It was my second year when I got tossed in the game on the second play against Tennessee. That was a shock but at the same time I was prepared to play. It was that adrenaline flow. You're not sure what they are going to do on defense. You don't have a great knowledge of how to assess defenses at the line of scrimmage. You are new to being on the field on gameday. I knew it was one of the moments. I hurt my knee and I had to come back in the game. Vinny gets hurt and then they have me go play against Albert Haynesworth. That's when I was like, 'Welcome to the NFL.' You're in a position where you're clearly at a disadvantage. Not only do you have to gut it out and play the rest of the game, you have to play the rest of the game against the best defensive tackle in football on a hurt knee.

The Jaguars played several teams last year that had a revolving door along their offensive line. It's nearly impossible to have offensive continuity when you don't have stability up front.
It's tough because the communication is lost when you mix and match players. The communication becomes second priority because you are trying to focus on your responsibility on each play. When you have a new piece getting plugged in you have to communicate to him what he needs to do and he has to communicate to you any concerns he might have. You have to do all of this in four or five seconds.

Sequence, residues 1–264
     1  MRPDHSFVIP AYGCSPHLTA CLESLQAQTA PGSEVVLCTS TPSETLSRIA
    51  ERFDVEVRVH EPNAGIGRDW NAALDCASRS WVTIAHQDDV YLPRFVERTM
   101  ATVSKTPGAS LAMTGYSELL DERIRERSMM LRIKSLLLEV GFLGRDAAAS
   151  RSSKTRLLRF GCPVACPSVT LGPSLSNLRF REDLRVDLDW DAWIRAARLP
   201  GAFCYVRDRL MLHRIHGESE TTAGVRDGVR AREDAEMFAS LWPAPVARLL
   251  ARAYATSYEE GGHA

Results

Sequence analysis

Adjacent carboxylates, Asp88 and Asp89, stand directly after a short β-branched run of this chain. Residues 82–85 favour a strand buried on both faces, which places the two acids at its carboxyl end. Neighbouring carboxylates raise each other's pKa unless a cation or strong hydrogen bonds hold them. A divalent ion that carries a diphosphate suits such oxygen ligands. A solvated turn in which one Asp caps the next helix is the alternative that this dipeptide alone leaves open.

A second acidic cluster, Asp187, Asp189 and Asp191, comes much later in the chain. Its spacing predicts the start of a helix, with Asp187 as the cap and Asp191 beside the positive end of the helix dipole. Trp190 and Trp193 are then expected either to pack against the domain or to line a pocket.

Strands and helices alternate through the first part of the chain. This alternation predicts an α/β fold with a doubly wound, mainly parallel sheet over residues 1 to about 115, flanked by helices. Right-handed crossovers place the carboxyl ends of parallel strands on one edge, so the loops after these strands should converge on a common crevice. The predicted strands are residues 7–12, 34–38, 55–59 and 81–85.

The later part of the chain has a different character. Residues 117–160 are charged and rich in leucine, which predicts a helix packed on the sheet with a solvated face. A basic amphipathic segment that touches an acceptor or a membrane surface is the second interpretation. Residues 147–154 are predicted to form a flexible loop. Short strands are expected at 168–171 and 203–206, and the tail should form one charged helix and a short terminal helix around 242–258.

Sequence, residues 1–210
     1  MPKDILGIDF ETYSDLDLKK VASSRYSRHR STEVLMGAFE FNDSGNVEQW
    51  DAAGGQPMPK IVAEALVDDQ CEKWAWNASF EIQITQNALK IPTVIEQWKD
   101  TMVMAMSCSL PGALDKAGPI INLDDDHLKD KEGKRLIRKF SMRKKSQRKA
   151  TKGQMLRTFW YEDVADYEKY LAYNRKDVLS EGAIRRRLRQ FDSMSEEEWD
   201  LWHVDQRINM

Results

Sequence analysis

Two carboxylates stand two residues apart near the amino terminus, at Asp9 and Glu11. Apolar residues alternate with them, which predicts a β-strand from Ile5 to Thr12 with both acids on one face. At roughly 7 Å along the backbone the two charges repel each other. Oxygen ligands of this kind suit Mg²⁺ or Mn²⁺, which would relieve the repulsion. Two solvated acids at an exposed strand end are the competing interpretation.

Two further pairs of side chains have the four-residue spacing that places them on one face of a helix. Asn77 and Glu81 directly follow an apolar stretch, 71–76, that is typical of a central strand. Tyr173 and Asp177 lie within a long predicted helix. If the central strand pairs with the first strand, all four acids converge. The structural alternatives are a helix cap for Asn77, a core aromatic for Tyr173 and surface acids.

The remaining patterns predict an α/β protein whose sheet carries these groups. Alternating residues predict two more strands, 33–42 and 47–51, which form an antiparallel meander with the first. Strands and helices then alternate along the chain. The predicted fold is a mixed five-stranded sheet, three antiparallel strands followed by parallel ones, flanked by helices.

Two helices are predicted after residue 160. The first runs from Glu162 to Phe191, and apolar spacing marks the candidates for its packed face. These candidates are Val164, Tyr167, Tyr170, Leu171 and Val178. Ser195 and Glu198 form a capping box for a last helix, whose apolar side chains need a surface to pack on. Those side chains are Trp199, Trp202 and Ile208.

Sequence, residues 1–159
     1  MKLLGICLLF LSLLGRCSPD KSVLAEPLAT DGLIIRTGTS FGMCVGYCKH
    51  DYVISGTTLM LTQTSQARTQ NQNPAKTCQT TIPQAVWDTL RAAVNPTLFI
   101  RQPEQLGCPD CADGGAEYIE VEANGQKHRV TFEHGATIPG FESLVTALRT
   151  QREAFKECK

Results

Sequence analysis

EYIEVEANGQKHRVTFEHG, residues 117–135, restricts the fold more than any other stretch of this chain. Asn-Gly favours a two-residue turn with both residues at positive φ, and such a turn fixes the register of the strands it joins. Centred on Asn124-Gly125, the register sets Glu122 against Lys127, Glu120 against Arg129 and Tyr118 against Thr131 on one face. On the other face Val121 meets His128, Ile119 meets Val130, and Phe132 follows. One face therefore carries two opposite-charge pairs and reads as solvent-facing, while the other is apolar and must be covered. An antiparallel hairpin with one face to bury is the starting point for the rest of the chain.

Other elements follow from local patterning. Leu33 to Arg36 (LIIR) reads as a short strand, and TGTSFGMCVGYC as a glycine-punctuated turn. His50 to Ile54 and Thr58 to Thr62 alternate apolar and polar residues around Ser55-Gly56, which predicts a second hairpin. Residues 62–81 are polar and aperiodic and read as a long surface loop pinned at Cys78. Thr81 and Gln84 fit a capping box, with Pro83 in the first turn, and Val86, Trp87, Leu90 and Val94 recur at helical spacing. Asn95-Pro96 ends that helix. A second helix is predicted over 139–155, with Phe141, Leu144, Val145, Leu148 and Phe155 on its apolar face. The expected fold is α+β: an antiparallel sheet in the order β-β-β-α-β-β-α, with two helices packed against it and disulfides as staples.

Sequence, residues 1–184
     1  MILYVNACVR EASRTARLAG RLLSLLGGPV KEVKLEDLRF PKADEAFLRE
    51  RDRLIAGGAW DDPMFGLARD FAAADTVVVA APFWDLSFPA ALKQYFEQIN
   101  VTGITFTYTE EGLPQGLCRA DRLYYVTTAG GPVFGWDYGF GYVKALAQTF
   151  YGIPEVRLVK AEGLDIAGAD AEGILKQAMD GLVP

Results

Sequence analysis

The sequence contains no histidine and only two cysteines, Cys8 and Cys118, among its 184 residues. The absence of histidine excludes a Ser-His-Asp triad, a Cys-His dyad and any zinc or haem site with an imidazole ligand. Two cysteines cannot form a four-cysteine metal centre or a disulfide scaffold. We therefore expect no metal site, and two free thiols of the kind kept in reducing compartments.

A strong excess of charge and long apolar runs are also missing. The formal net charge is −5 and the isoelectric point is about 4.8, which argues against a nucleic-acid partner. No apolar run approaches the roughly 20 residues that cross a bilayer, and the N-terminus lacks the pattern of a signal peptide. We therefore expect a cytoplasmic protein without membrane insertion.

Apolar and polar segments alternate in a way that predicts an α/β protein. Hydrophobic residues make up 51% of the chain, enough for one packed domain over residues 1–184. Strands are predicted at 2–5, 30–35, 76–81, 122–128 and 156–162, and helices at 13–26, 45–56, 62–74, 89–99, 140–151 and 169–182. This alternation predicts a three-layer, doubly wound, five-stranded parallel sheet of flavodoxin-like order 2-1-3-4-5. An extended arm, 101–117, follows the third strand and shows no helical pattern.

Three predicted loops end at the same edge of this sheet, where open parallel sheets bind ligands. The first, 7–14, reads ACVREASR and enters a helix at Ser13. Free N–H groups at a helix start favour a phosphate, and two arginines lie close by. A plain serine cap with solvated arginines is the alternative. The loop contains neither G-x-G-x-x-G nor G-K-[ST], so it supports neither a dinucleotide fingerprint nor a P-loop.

Is it frustrating when you hear all the experts talk after a game or about a play where they think they know who is responsible for a sack? In a roundabout way, aren't most sacks on multiple people along the line?
I don't think people fully understand the intricacies of playing offensive line. It's not necessarily about lining up and blocking the guy in front of you. It's about understanding the concept of the player, understanding where the protection needs to be and what adjustments maybe you have to make on the run during the course of the cadence and the play.

I have been around people who understand at the very basic concept what offensive lines do. They slide this way, they slide that way, they block this way, they block that way. But there is so much more to it. Everybody that is on the Jaguars web site knows I'm on the message board sometimes trying to explain it. I'm not sitting there putting our playbook out there for everybody to read. When you see a guy running through the A gap that might not even be a linemen's guy. That might be the running back's responsibility or it could be our guy. There is so much more that goes into blocking. It could be a hot read where we know he's going to come free and Dave has to read it.